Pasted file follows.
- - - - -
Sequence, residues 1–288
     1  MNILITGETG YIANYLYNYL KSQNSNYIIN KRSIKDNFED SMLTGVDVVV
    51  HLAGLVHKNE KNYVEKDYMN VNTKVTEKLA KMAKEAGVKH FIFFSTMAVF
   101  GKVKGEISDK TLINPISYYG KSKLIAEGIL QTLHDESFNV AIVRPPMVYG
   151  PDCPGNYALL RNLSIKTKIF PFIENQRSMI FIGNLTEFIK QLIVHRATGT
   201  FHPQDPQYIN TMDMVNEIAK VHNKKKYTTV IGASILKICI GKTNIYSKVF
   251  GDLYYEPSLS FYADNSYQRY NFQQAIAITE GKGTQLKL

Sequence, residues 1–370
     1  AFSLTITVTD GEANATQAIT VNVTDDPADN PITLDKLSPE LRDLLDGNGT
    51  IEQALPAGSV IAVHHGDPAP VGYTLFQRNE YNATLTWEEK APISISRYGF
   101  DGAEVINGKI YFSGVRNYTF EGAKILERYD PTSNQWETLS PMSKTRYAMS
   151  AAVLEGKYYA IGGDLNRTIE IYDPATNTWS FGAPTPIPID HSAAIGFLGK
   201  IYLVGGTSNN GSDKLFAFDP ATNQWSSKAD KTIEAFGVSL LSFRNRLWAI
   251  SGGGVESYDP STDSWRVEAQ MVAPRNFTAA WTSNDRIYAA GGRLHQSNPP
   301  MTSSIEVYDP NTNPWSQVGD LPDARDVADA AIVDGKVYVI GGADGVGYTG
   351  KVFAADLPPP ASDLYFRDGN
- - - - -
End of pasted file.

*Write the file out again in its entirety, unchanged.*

Sequence, residues 1–288
     1  MNILITGETG YIANYLYNYL KSQNSNYIIN KRSIKDNFED SMLTGVDVVV
    51  HLAGLVHKNE KNYVEKDYMN VNTKVTEKLA KMAKEAGVKH FIFFSTMAVF
   101  GKVKGEISDK TLINPISYYG KSKLIAEGIL QTLHDESFNV AIVRPPMVYG
   151  PDCPGNYALL RNLSIKTKIF PFIENQRSMI FIGNLTEFIK QLIVHRATGT
   201  FHPQDPQYIN TMDMVNEIAK VHNKKKYTTV IGASILKICI GKTNIYSKVF
   251  GDLYYEPSLS FYADNSYQRY NFQQAIAITE GKGTQLKL

Sequence, residues 1–370
     1  AFSLTITVTD GEANATQAIT VNVTDDPADN PITLDKLSPE LRDLLDGNGT
    51  IEQALPAGSV IAVHHGDPAP VGYTLFQRNE YNATLTWEEK APISISRYGF
   101  DGAEVINGKI YFSGVRNYTF EGAKILERYD PTSNQWETLS PMSKTRYAMS
   151  AAVLEGKYYA IGGDLNRTIE IYDPATNTWS FGAPTPIPID HSAAIGFLGK
   201  IYLVGGTSNN GSDKLFAFDP ATNQWSSKAD KTIEAFGVSL LSFRNRLWAI
   251  SGGGVESYDP STDSWRVEAQ MVAPRNFTAA WTSNDRIYAA GGRLHQSNPP
   301  MTSSIEVYDP NTNPWSQVGD LPDARDVADA AIVDGKVYVI GGADGVGYTG
   351  KVFAADLPPP ASDLYFRDGN